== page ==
During the deployment of the management cluster, either from the installer interface or the CLI, Tanzu Kubernetes Grid creates a temporary management cluster using a Kubernetes in Docker, kind, cluster on the bootstrap machine. Then, Tanzu Kubernetes Grid uses it to provision the final management cluster on the platform of your choice, depending on whether you are deploying to vSphere, Amazon EC2, or Microsoft Azure. After the deployment of the management cluster finishes successfully, Tanzu Kubernetes Grid deletes the temporary kind cluster.

When Tanzu Kubernetes Grid creates a management cluster for the first time, it also creates a folder ~/.config/tanzu/tkg/providers that contains all of the files required by Cluster API to create the management cluster.

The Tanzu Kubernetes Grid installer interface saves the settings for the management cluster that it creates into a cluster configuration file ~/.config/tanzu/tkg/clusterconfigs/UNIQUE-ID.yaml, where UNIQUE-ID is a generated filename.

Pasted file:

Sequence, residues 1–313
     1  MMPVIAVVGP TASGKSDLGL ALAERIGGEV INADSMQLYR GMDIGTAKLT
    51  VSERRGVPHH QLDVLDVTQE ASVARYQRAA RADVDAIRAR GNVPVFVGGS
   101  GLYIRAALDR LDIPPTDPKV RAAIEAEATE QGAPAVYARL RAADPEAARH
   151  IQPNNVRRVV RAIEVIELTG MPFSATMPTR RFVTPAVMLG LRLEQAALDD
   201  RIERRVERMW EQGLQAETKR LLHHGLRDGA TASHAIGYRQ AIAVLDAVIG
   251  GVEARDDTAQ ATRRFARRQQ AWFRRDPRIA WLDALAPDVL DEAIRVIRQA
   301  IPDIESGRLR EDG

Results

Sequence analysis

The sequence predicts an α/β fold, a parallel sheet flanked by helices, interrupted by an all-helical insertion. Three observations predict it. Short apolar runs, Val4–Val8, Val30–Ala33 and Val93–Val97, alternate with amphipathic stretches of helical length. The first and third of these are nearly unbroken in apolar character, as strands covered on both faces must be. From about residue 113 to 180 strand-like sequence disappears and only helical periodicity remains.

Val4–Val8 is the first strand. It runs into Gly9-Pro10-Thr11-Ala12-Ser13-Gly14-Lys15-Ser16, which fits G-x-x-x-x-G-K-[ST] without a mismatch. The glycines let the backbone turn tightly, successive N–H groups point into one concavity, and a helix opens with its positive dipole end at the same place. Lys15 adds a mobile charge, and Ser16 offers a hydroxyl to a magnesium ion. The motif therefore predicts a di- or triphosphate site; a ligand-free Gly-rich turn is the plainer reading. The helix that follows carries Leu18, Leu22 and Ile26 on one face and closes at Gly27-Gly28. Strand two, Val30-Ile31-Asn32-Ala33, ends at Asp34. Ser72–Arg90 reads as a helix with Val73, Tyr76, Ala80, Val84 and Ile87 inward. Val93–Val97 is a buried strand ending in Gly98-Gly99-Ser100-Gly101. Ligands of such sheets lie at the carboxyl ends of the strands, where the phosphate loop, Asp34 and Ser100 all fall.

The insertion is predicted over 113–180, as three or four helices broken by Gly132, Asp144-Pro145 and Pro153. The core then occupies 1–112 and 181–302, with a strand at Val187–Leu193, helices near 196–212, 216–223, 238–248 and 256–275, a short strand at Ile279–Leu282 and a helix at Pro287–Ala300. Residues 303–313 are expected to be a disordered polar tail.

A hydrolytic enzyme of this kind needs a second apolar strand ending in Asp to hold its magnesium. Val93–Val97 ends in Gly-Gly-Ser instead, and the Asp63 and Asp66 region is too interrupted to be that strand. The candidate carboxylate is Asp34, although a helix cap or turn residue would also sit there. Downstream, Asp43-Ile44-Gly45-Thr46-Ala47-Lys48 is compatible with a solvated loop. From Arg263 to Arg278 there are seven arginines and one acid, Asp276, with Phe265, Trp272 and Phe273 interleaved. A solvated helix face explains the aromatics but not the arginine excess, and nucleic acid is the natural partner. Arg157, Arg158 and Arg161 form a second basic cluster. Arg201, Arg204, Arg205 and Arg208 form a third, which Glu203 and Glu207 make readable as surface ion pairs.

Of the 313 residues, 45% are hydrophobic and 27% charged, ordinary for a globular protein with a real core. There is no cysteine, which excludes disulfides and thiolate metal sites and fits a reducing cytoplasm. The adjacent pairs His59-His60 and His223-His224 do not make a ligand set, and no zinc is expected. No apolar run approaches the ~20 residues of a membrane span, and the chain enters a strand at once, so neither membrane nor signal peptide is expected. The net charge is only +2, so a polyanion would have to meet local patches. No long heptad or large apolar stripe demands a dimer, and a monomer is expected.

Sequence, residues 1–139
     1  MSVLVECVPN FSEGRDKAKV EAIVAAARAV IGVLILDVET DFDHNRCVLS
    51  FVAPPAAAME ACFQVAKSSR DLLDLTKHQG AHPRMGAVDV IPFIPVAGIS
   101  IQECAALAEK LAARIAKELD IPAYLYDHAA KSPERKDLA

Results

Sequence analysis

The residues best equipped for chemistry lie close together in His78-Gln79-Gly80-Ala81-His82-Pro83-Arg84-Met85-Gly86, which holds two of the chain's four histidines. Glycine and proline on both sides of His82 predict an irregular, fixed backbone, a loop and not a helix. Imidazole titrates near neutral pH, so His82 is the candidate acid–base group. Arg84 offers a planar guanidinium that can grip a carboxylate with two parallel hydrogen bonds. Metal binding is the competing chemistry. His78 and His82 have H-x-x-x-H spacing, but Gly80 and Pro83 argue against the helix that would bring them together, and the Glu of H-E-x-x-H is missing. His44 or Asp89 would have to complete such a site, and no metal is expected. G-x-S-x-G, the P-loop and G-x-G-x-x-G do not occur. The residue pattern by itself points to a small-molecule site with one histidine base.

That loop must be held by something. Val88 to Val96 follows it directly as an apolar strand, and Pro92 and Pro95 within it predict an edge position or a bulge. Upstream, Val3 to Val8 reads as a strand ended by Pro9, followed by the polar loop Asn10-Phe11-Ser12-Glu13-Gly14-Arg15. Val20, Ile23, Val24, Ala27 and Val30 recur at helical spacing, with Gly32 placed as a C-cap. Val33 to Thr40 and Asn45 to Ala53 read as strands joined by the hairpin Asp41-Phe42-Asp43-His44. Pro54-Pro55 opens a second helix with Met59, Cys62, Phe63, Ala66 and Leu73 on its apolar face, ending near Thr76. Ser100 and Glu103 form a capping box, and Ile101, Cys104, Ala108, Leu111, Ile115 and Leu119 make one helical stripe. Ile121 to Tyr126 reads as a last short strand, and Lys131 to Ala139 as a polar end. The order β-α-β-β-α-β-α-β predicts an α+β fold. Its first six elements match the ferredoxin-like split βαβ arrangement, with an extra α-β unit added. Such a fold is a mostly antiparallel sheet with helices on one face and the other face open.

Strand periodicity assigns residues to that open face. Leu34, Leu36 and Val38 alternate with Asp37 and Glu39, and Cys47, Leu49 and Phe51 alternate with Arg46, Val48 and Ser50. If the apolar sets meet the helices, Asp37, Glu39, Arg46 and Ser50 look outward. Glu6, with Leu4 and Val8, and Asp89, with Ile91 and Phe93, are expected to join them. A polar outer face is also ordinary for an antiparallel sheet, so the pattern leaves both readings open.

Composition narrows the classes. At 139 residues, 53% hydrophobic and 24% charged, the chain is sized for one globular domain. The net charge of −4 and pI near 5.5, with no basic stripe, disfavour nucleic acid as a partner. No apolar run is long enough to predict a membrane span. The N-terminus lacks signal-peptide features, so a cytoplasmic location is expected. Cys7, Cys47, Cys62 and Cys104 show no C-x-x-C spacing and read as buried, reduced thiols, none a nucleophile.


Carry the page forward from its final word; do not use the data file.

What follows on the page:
IMPORTANT: By default, unless you set the KUBECONFIG environment variable to save the kubeconfig for a cluster to a specific file, all clusters that you deploy from the Tanzu CLI are added to a shared .kube-tkg/config file. If you delete the shared .kube-tkg/config file, all management clusters become orphaned and thus unusable.

Management Cluster Networking

When you deploy a management cluster, pod-to-pod networking with Antrea is automatically enabled in the management cluster.

Configure DHCP Reservations for the Control Plane Nodes (vSphere Only)

After you deploy a cluster to vSphere, each control plane node requires a static IP address. This includes both management and Tanzu Kubernetes clusters. These static IP addresses are required in addition to the static IP address that you assigned to Kube-Vip when you deploy a management cluster.

To make the IP addresses that your DHCP server assigned to the control plane nodes static, you can configure a DHCP reservation for each control plane node in the cluster. For instructions on how to configure DHCP reservations, see your DHCP server documentation.